Friday, June 22, 2012

Is the EU About to Break the Internet?

In a move that has the potential to do severe damage to the e commerce user experience, some E.U. countries are beginning to implement the E.U. privacy directive on internet cookies (small information files which websites use to remember customers and preferences). In principle, the so-called “Cookie Directive” requires that website users receive explanations of the particular cookies used by a website (except those which are “strictly necessary”) and then actively choose to accept them before the cookies can be automatically stored on the user’s computer. Businesses fear that their retail websites will frighten customers with pop-up boxes of legal language and strange file names. In addition, should users choose not to permit the use of cookies, their browsing and shopping experience stands to be severely compromised, impacting merchant performance.
The UK appears to be in the vanguard of jurisdictions charging ahead with implementation of an aggressive version of the directive. In the May 26, 2012 revisions to Regulation 6 of its Privacy and Electronic Communications Regulations 2003 (“PECR”) and the latest guidance from its Information Commissioner’s Office, the burden is on websites to include:
  • An information page providing a general explanation of what cookies are, the file names of the cookies in use on the website and explanations of each cookie’s function;
  • A sufficiently prominent link to that page from its homepage; and
  • A pop-up box, gateway window, or header/footer bar by which a user must choose to “accept” the cookies from that website after having the option to read the information page.
The directive contains an exception for cookies that are strictly necessary. To be “strictly necessary” means that “such storage of or access to information should be essential, rather than reasonably necessary . . . to what is essential to provide the service requested by the user, rather than what might be essential for any other uses the service provider might wish to make of that data.” The exception does not apply when the cookie is only “‘important’ rather than ‘strictly necessary.’”
Cookies which the ICO indicate as likely to be considered “strictly necessary” are: ( 1) cookies used to remember the goods a user wishes to buy when they proceed to the checkout or add goods to their shopping basket; (2) Certain cookies providing security necessary to comply with EU data protection requirements for an activity the user has requested – for example in connection with online banking services; (3) Cookies that ensure that the content of your page loads quickly and effectively by distributing the workload across numerous computers.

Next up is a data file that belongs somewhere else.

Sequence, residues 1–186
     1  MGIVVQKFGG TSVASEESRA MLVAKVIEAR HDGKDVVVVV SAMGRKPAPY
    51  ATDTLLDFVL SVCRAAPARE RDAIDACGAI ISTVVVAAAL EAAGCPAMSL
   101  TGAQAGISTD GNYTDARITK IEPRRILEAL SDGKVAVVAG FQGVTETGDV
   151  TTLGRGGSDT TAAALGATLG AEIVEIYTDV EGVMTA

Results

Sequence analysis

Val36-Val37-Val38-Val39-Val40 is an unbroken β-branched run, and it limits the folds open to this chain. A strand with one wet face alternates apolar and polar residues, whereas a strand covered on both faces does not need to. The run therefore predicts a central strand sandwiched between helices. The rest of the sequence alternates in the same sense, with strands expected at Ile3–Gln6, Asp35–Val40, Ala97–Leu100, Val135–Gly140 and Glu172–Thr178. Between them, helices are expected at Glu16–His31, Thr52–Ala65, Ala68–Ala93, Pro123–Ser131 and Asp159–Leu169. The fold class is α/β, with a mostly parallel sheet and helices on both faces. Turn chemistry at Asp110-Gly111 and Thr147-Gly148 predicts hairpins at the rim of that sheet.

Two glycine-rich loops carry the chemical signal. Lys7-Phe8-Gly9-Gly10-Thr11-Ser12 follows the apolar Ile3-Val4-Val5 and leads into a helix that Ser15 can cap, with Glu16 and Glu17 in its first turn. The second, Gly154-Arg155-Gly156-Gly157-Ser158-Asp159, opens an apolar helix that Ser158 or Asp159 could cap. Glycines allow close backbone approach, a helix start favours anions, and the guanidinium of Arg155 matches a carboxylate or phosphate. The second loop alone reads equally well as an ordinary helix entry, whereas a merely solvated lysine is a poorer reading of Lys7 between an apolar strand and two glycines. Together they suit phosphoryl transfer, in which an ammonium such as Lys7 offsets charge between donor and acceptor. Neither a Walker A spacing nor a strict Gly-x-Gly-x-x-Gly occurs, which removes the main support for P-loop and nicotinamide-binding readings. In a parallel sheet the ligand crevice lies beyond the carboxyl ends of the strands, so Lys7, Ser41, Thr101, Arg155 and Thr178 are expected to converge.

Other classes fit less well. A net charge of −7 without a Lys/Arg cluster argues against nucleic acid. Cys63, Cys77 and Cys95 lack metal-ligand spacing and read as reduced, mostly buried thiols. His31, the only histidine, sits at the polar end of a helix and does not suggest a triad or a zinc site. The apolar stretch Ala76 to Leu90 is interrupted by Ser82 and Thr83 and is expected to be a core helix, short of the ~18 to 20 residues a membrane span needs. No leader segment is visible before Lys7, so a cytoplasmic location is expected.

Likewise, cookies which the ICO considers unlikely to be “strictly necessary” include: (1) Cookies used for analytical purposes to count the number of unique visits to a website for example; (2) First and third party advertising cookies; (3) Cookies used to recognize a user when they return to a website so that the greeting they receive can be tailored.
Compliance is required not only from websites hosted in the U.K., but also those around the world so long as they offer products or services to users in Europe. For U.S. companies and their retail websites, the potential £500,000 ($774,500) fine per violation and reluctance to adopt a customer-unfriendly format mean that many would rather block European users from buying over their websites altogether.  
For now, widespread noncompliance even among U.K. websites (An April 2012 KPMG survey concluded that 95% of major U.K. companies were not in compliance U.K. national law implementation) and frequently changing legal guidance from the U.K. Information Commissioner’s Office mean that businesses are taking a wait-and-see approach. Behind the scenes and invisible to users, changes are likely to be already taking place as risk-adverse businesses audit their websites for redundant and obsolete cookies and, perhaps, implement subtle changes which satisfy the letter but not the spirit of the Cookie Directive.
Will the other shoe drop? Many suspect not. Many urge not. The only certainty is that businesses with retail websites will be closely watching the E.U. and U.K. in the months ahead.
Co-authored by David Chen

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